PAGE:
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The L.A. Ring Festival begins next week: but this is no sidewalk jewelry sale on Venice beach. No, this is "Ring" as in "Ring of the Nibelungen," Richard Wagner's epic operatic cycle celebrating the destruction of the pagan gods and the birth of human love and freedom in a mysterious, but purifying apocalypse.
The six-week Festival includes numerous lectures, symposia, art exhibits, performances, and of course...the chance to see the entire four-opera Ring.
But...a whole festival about German opera? Here in L.A.? Very long German opera? Okay, you say, maybe in New York or Chicago, where people are, like, more smarter...but surely such a thing will prove too highbrow for a town of carnies and showmen where the O-word implies "soap opera" or "space opera" or... "Oprah."
Me, I'm curious to see how it plays out.
I mean, on the face of it—no problem. I find that once you get Angelenos through the door of the Pavilion, they usually do great with grand opera. It feels like a homecoming. After all, grand opera gave birth to the very extravagance on which L.A. is based: Grand sets. Dictatorial directors. Melodramatic plots. High camp. We didn't just invent all that stuff.
Lately, thanks to L.A.'s effort to use directors like Woody Allen and William Friedkin for local productions, I've also seen an eager new generation turn up, people with hanging shirttails who thrive on emotional extravagance, and are willing to pay top dollar for it. The look of opera has also changed. It's not about overweight people in winged helmets anymore; you see people in skinny black jeans both onstage and in the audience.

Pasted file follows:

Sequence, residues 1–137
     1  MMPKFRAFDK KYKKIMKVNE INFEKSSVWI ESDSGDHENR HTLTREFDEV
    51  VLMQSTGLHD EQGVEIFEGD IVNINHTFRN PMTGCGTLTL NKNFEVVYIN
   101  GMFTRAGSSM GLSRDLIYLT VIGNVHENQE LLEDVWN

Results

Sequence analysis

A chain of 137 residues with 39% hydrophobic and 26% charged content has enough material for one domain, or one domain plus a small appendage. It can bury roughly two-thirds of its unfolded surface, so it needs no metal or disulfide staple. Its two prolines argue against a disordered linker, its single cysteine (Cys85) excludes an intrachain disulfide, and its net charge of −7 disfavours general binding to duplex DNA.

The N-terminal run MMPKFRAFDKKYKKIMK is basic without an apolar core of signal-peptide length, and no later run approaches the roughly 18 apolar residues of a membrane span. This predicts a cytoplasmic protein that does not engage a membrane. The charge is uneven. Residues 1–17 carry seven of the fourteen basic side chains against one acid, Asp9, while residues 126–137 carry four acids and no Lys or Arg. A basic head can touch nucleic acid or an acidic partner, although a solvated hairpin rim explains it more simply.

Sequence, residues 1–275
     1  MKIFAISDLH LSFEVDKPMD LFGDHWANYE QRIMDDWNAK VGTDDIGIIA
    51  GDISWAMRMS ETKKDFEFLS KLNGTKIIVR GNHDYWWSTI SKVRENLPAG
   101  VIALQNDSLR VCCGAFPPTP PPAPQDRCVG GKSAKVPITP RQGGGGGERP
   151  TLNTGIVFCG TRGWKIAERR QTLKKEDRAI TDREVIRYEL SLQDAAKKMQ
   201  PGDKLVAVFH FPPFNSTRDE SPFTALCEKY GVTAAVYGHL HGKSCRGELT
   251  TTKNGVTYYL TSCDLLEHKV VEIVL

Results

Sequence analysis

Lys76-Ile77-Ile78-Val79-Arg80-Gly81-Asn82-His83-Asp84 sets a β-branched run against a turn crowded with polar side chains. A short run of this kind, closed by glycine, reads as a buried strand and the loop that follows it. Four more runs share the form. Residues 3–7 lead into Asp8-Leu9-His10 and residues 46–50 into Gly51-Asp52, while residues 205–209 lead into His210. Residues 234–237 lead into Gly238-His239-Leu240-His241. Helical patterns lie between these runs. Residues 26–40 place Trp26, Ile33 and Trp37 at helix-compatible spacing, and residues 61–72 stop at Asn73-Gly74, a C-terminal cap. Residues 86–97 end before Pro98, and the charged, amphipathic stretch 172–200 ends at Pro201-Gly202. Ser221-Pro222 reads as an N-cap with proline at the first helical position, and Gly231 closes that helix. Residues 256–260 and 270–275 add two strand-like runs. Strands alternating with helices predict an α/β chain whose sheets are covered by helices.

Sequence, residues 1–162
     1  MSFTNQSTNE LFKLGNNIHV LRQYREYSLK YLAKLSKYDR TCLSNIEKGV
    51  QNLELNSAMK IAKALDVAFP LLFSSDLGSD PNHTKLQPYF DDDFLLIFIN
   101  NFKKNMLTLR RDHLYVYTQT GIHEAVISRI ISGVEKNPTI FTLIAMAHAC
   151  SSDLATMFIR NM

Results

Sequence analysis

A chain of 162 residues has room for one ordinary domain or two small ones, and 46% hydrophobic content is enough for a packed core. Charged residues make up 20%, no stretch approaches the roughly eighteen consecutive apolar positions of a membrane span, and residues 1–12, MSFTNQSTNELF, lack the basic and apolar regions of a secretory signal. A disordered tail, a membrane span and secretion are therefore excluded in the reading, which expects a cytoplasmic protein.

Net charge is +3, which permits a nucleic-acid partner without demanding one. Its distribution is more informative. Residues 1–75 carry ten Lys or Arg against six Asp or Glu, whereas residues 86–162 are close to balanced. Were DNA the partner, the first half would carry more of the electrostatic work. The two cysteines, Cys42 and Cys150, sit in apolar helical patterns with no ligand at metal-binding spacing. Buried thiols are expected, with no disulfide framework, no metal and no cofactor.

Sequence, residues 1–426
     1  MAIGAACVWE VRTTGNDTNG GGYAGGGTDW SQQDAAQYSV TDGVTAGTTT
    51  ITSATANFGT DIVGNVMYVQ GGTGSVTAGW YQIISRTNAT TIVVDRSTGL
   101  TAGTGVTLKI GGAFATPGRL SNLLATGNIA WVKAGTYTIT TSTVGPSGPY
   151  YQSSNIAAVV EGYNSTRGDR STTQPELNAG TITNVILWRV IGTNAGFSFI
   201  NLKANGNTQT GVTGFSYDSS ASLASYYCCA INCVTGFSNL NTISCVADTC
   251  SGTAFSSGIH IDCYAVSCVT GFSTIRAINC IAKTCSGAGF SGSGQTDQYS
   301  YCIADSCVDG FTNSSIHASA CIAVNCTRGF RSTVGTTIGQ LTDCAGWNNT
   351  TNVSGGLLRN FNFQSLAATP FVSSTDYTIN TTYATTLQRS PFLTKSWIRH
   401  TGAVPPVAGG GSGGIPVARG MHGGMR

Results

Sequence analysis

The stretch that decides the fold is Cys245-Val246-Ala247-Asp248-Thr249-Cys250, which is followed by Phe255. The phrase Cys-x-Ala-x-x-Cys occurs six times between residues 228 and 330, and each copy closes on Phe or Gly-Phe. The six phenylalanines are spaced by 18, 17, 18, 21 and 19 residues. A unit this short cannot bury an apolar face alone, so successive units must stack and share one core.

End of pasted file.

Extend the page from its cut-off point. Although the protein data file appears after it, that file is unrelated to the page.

Even more importantly, I figure opera is part of a global resurgence of things live: Live theater. Live concerts. Religious services. And as for Wagner, well, the Festival includes plenty of lectures covering his anti-Semitism, egomania and self-indulgence...all certain to draw a crowd.
On the other hand, I've just finished seeing the L.A. Ring. In fact, this weekend I stumbled out of the five-and-a-quarter hour finale, Götterdämmerung. It features world-class singers, and the wonderful James Conlon on the podium, but the production is designed by a mad German neo-expressionist Brechtian who has transformed the entire Ring into an avant-garde abstract. No swords, only floating neon poles. No winged horses, only bicycles. No winged helmets, only one golden top hat hanging on a string. The faces of characters are often painted blue or red and often the singers pose behind huge cardboard cutouts of their costumes.
Me, I love that kind of stuff. I think it's brilliant...but I'm a seasoned fan, weary of swords and helmets. I'm worried about the newcomer who gets drawn in by all the festival publicity, only to encounter a four or five-hour dance of symbolic gestures. Maybe it'll be like heading out on a Sunday hike and finding yourself on Mt. Everest.
In short, will this Ring be so cool that it will be too cool for cool but unintiatied Angelenos? Will they...get it? I hope that if they see opera as a hot new trend, they will research it like any hot trend. I mean, they wouldn't just run out and buy an iPad or a pair of chic boots without doing a little research, would they? Without reading a few sites or, say, a synopsis...before showing up cold?
This weekend, I took my own 15-year-old Angeleno, who joined me not just for the five-and-a-quarter hour Götterdämmerung, but for the whole four-opera, 17-hour marathon. As we walked out, he said he felt the staging was a tad static, limiting the expressiveness of the singers. He also thought that director Achim Freyer, while walking the line between minimalism and music-hall camp, had perhaps erred too far on the side of minimalism. But as he got in the car he said he, "liked the music."
So maybe I'm worried for nothing.
Copyright © 2010 Marc Porter Zasada. All Rights Reserved.
Banner image: Alberich (Richard Paul Fink), Eric Halfvarson (Hagen) in Götterdämmerung. Photo: Monika Rittershaus, © 2008 Los Angeles Opera
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